***image4*** This is a very personal thing, but it underlined my beliefs so beautifully, and made me able to accept Dad’s passing with a lot less grief than I had when my Mum died several years earlier, so I feel ready to tell it. I like to think that had I been with her when she died, I might have seen the same thing as I did with Dad. On the other hand, I wasn’t ‘awake’ then, so maybe I would have missed it.
I’d wanted to go and see Dad many times during his last few weeks of his life, but I knew that I could only afford the one trip at the time. It was a six hour train ride away in Norfolk. Dad was suffering from Motor Neurone Disease, and it was so far advanced that we knew he didn’t have very long. I wanted to try and make sure I was with him when he died, and so I was waiting for a sign that the time had come for me to make the trip.
***image3***Finally one day, I just knew. This was it. I set off, travelling to the other side of the country and when I reached the Nursing Home I was pretty shocked that my Dad, who last time I’d seen him a month or so earlier was still mobile and talking, was helpless in bed, unable to move or speak, and under the merciful influence of morphine. I sat and talked to him, thinking back to the vibrant, sport-obsessed man he used to be. How I’d watched him play cricket as a child, and how we’d marvelled at his ability, which was retained even in his seventies, to beat youngsters at badminton.
To see a man previously so strong and on whom I had relied for the strength through most of my life in such a state was terrible, and I was glad for him that he would soon be out of the body that had become so useless. I was heart-broken that I was losing my Dad, but I didn’t want him to suffer any more; he’d be better off with Mum. After a couple of hours I went to get some sleep, but I had barely made it to my son’s house, where I was staying, when my sister Mary rang to say that I needed to go back right away.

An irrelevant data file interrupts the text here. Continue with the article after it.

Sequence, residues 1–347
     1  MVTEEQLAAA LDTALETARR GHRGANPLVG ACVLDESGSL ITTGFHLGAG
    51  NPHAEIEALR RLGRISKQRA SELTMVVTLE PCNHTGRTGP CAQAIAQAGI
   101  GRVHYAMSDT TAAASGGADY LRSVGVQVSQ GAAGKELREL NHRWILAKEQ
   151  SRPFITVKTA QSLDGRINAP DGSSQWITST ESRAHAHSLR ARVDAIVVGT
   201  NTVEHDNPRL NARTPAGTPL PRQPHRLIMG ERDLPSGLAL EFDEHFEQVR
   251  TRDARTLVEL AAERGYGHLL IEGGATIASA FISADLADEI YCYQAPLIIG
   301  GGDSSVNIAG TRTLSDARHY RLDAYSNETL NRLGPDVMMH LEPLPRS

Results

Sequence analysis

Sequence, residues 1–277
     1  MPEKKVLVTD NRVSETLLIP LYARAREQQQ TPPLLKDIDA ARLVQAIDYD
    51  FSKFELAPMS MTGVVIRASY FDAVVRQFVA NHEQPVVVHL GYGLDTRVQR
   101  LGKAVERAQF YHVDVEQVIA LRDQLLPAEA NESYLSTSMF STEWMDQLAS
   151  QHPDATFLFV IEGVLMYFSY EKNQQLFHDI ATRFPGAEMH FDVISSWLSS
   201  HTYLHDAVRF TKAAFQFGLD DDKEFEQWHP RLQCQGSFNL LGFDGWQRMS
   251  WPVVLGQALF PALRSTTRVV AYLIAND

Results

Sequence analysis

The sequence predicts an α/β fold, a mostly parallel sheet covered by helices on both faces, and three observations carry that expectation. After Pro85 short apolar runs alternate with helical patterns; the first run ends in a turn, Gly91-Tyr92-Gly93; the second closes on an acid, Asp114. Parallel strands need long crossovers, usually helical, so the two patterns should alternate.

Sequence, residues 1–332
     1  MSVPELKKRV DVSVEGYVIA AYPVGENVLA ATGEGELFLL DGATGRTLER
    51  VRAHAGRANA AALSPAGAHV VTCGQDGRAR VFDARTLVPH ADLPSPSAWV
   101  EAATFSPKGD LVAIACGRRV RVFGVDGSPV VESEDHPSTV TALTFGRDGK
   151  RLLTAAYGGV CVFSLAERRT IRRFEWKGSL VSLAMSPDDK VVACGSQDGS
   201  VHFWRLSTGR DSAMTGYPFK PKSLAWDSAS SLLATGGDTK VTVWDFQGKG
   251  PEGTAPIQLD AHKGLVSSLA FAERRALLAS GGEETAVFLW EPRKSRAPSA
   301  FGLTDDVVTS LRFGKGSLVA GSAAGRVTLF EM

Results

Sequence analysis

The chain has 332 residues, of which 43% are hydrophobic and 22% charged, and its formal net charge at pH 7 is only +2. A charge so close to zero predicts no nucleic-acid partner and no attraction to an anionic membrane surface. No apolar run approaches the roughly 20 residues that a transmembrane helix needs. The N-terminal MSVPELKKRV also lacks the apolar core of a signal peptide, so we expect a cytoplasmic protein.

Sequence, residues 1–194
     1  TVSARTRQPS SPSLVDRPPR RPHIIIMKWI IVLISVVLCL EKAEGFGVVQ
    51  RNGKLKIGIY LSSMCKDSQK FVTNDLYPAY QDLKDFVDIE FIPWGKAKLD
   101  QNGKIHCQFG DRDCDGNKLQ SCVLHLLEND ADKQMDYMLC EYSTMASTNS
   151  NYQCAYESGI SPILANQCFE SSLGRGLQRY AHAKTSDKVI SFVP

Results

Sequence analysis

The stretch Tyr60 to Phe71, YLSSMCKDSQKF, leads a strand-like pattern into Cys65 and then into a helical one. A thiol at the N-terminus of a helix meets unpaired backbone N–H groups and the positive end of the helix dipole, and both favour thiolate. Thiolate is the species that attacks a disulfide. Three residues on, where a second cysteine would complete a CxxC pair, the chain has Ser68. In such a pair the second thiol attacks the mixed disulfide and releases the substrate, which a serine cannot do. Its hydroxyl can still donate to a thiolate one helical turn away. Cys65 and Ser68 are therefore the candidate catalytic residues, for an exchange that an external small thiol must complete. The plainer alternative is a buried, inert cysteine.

Dad was fading, and we settled in to wait. At about 5am I was sitting in the chair across from the bed, not comfortable enough to sleep, but letting myself drift into a hypnogogic state to get some emotional support from my guides and angels. I was little expecting what they were to show me.
I was completely gone from consciousness when I saw myself rise up from my chair and walk to the bed. I was transparent, in spirit form and as I approached the bed, Dad’s spirit sat up, which his physical form was incapable of doing. I reached him and we hugged. After a few moments, I saw myself walk back to the chair and sink back into my body.
***image1***I looked back at Dad and his spirit had risen to a standing position. He was still attached by his feet, and although the spirit struggled, it could not break free. I felt so happy. I knew without any doubt that Dad not only wanted to go, but that he had somewhere to go to, somewhere he couldn’t wait to be. I felt so relaxed that I was able to go to another room to sleep on a sofa. Two hours later I was woken and told it was time. I went back to Dad, and after a few moments he breathed his last. I saw a flash of movement out of the corner of my eye, and knew that Dad had gone to the light.
At the moment of death my Dad’s body immediately assumed a wax-like appearance as his spirit left him. There was no point in crying; although of course I did; he wasn’t there any more. He was in a better place.
This affected me so much that for the first time at a funeral, I was able to detach from the normal horror of imagining your loved one inside the coffin. I could remember how devastated I’d been when my Mum’s coffin had been there in front of me, and then later at the cemetery, how I’d been unable to believe that it was her they were lowering into the ground.
Dad’s funeral was a special occasion, because of all the people who came to say goodbye, and it was sad, because I had to accept that I would never see my Dad, as my Dad, ever again. However, the coffin itself meant little to me, and nor did the remains inside it. I knew that like a caterpillar turning into a butterfly, Dad had metamorphosed into something much more wonderful than the discarded shell he’d left behind. Dad wasn’t in than box; he was above us, around us, chuckling with his wicked sense of humour at what his friends were saying about him.
When the coffin was placed into the ground, I had to curb my impatience at the lack of purpose of it all. We were burying a wooden box with an empty shell inside it. I was actually excited for Dad, imagining where he was now, and also knowing that there would always be a part of him watching over me. Even if he was reincarnated, a part of him would remain in spirit, a guardian over me. How could I be grief-stricken at that thought?
***image2*** T his story is an extract from Jenny’s new book, Come Back To Life. For more details please visit Jenny’s website.